You can continuously harvest, store, and use the sun’s energy by setting up a solar system.
This natural source of energy helps us reconnect with nature and limits our impact on the ecosystem – green technology for the win!
Thanks to various technical advancements, this idealistic dream is now accessible to all of us with an installed solar system.
If you want to know everything about setting up a solar system, give this article a good read. It’ll answer your main questions and guide you step-by-step through the design of your own solar system.
Table of Contents
What do you need to set up a solar system?
You will need the following components to set up a solar system:
Below, you’ll find the equipment needed to convert the sun’s energy into usable electricity.
A solar panel is one of the market’s most robust energy-producing bits of equipment, with a rated lifetime of 25-30 years. They are produced in many different power outputs, from 5W to 500W and above per unit.
Solar charge controller
A solar charge controller is an incredibly important bit of technology. They regulate the power output from your panels and ensure that they do not overcharge and damage your solar batteries. There are currently two different types on the market: MPPT and PWM. An MPPT charge controller is recommended; they are slightly more expensive but are of much higher quality.
Store your energy in batteries. They are your key to autonomy. Lithium batteries are recommended. Although more expensive than lead-acid, they are perfect for intermittent charging and are durable, with up to 10 years of service.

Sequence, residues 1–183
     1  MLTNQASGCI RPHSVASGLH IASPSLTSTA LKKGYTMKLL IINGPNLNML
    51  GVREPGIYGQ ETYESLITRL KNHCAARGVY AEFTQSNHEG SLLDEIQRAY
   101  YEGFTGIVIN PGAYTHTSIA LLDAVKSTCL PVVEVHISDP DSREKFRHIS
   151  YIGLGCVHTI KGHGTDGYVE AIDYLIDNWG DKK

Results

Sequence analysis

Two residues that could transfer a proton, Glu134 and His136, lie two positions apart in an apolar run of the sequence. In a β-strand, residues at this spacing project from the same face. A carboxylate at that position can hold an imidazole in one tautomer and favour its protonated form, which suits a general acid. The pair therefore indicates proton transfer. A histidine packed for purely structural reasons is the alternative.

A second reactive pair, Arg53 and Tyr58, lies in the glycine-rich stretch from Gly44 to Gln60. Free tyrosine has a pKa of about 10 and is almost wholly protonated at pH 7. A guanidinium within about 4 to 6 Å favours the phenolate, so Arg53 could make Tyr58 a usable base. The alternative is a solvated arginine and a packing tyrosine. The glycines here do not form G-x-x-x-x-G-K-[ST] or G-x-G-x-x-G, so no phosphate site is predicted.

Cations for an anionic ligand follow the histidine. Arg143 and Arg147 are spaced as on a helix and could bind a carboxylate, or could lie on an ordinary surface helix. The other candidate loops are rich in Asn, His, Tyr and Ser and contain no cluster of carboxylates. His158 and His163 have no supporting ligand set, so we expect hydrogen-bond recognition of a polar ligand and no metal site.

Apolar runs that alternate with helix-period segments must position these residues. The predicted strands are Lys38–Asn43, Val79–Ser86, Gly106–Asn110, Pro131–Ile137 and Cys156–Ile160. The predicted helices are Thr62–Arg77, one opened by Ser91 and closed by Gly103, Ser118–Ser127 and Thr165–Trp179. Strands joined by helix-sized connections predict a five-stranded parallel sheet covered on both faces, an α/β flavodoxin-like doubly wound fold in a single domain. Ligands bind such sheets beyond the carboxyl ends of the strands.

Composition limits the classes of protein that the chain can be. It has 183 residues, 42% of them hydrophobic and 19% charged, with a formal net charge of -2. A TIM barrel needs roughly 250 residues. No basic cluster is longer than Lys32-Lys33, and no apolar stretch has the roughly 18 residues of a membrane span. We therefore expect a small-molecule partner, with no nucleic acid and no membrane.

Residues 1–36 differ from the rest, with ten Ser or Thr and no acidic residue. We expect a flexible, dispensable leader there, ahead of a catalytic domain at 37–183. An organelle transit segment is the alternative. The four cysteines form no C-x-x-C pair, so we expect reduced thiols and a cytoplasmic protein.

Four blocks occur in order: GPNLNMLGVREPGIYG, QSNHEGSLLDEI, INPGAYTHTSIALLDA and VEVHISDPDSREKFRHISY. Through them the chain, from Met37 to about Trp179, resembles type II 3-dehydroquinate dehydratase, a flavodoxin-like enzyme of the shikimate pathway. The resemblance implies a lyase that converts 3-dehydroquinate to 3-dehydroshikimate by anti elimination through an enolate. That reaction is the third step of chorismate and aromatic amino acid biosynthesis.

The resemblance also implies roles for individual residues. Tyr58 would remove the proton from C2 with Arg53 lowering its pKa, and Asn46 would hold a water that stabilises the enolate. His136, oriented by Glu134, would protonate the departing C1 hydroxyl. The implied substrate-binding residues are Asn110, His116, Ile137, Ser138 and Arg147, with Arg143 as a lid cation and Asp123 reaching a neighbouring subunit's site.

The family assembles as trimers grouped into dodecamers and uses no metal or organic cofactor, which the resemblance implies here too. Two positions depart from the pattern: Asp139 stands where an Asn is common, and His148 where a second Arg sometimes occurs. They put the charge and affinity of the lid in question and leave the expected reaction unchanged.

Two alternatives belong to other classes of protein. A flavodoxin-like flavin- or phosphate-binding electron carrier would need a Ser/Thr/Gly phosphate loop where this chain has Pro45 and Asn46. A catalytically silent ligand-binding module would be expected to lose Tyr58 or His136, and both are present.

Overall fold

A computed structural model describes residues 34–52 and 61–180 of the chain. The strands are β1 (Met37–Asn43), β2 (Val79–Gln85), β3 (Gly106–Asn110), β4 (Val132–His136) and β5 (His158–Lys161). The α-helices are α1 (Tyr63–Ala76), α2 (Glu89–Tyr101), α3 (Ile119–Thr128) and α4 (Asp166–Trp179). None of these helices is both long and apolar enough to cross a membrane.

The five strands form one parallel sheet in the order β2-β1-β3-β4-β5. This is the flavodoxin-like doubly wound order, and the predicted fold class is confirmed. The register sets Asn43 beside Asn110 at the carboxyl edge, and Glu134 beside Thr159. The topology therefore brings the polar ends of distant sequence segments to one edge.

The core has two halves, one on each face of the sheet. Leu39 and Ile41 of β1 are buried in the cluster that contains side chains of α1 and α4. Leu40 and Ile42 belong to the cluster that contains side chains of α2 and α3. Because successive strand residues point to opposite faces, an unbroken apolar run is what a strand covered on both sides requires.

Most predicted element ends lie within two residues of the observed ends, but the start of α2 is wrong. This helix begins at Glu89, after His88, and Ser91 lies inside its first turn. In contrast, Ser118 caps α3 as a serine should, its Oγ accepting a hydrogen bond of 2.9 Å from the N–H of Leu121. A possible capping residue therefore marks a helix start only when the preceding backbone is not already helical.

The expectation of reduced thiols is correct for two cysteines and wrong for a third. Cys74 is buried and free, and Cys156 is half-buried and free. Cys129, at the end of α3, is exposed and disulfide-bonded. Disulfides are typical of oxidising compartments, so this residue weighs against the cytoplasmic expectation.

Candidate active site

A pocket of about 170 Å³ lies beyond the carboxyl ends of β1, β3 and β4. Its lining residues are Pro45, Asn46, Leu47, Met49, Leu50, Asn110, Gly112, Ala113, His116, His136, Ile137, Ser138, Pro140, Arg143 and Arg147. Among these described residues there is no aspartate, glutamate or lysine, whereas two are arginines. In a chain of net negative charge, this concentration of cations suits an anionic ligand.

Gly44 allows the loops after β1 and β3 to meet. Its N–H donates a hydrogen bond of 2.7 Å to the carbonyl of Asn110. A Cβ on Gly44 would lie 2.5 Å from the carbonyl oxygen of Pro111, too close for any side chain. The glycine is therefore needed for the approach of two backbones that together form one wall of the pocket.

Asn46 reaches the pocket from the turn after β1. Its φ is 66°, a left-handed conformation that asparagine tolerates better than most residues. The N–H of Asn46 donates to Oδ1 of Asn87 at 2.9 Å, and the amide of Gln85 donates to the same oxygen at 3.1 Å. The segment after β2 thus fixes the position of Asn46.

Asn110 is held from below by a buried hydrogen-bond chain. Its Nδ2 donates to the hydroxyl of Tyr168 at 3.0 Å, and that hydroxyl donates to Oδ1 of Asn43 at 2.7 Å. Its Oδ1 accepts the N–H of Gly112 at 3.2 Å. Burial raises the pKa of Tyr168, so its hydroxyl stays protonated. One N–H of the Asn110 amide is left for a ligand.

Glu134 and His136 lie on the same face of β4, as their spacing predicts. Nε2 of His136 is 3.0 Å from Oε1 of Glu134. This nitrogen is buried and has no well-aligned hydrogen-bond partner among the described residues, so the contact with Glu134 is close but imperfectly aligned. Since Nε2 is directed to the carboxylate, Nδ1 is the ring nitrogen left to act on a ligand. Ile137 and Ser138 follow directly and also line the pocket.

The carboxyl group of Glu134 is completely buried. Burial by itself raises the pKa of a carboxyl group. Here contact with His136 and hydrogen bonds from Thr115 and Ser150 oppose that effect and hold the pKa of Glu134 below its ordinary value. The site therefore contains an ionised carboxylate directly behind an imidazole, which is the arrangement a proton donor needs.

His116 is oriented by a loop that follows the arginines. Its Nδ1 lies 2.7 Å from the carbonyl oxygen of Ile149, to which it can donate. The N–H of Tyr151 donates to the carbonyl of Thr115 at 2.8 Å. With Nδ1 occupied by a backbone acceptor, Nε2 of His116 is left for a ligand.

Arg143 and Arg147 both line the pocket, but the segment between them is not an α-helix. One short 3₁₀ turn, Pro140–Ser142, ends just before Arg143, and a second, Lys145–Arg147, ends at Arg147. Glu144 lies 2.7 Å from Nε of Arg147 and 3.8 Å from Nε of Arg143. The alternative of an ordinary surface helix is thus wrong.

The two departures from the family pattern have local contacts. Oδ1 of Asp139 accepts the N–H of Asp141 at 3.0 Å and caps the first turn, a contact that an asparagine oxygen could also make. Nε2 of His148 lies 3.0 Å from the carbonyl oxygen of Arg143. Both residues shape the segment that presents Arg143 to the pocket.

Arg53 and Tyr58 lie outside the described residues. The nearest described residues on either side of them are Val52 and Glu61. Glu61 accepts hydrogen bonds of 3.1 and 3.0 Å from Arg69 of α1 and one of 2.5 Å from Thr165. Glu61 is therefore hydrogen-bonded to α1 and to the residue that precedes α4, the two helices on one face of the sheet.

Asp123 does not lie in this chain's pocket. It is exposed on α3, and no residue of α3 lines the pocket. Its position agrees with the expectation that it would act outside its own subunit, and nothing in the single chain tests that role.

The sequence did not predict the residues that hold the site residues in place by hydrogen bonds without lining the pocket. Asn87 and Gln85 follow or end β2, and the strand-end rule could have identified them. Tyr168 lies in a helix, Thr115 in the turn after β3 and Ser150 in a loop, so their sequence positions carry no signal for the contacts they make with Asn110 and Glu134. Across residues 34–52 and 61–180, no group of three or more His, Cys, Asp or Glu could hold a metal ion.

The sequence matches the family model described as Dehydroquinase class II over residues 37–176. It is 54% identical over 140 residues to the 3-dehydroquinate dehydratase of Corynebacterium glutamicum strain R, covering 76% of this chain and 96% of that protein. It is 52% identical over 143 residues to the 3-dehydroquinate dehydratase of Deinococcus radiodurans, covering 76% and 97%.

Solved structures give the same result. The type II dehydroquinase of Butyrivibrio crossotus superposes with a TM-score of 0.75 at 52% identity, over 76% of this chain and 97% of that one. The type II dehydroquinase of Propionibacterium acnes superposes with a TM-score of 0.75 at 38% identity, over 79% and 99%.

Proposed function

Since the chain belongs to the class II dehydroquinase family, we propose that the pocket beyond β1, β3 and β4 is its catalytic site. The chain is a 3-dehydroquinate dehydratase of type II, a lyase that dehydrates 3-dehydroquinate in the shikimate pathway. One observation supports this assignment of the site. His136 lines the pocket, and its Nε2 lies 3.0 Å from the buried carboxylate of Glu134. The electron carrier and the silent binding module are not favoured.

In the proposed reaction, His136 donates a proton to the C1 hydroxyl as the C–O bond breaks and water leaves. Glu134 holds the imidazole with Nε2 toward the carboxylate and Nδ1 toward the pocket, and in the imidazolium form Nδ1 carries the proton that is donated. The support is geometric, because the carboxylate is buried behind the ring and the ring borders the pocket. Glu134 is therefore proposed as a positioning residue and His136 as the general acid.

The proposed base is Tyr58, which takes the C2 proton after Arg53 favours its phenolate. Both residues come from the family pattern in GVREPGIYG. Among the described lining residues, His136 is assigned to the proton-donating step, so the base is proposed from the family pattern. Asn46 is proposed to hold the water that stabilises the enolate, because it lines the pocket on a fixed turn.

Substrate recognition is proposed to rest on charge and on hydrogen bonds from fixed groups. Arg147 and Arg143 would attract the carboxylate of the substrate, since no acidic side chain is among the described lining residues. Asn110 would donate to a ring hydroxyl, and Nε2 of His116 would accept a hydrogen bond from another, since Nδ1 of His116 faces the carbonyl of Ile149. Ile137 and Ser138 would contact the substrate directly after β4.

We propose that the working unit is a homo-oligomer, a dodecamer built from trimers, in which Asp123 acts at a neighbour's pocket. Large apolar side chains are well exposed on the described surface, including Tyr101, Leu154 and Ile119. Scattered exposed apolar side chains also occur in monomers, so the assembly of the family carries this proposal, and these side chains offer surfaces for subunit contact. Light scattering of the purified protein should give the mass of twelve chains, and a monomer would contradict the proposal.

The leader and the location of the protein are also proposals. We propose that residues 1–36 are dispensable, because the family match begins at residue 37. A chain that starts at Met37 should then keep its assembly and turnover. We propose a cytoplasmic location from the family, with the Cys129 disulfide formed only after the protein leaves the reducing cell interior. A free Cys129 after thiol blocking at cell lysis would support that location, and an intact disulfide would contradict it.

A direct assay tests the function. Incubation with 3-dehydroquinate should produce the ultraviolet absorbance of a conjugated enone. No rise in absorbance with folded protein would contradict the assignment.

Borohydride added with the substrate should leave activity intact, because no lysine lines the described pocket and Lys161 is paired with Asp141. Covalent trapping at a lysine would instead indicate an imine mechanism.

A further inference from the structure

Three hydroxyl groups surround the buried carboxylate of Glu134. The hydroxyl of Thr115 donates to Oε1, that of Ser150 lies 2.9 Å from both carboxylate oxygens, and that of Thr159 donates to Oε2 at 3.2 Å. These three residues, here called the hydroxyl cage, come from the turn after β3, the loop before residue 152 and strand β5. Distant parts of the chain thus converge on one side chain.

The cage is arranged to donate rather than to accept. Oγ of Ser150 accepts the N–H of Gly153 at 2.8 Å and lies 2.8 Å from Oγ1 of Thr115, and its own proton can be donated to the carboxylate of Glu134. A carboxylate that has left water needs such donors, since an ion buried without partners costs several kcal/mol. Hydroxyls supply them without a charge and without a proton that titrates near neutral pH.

Batteries will give your home power during the night and cloudy days.
Without an inverter, any electricity produced by your solar system is unusable. Remember, solar panels and batteries work in DC (Direct Current) mode. A quality inverter will convert your DC into AC (Alternative Current), which is the same current all homes use.
We recommend buying a pure sine wave inverter; they are the most efficient.
Electrical safety equipment
Like every electrical system, you will need a fuse box, breaker, switch, sensors, and wires. Get advice from your local electrician for the best wiring size. If you have a little bit more electrical knowledge, feel free to read out article on how to wire a solar panel system.
How to set up a solar system
Here are the 7 steps to setting up your solar system:
- Step 1: Evaluate your production potential.
- Step 2: Evaluate your daily needs.
- Step 3: Design a system for your budget.
- Step 4: Install your solar panels.
- Step 5: Set up your inverter, solar charger, and battery.
- Step 6: Connect your system.
- Step 7: Regulate your electricity consumption to optimize your system.
Step 1: Evaluate your production potential
Your production source is the sun, its output varies greatly depending on your position on the planet.
You can now easily evaluate your energy production potential by entering your location on the global solar atlas.
This will help you to determine an optimal number of solar panels and batteries to cover your daily needs.
Step 2: Evaluate your daily needs
Everyone has different electrical consumption habits – have a look at your monthly consumption in kWh. You will find this information on the bills of your electricity provider.
Step 3: Design a system for your budget
One of the main advantages of solar systems is how scalable they are.
If your budget is limited, start with a system that could cover 30% of your needs. You can upgrade with ease later on by adding solar panels or batteries.
Don’t be shy when purchasing solar panels. They are cheaper than ever and will save you money in the long run. With that being said, limit what you spend on the batteries.
You can start with no batteries and you will be able to enjoy solar production, albeit only during the day.
Step 4: Install your solar panels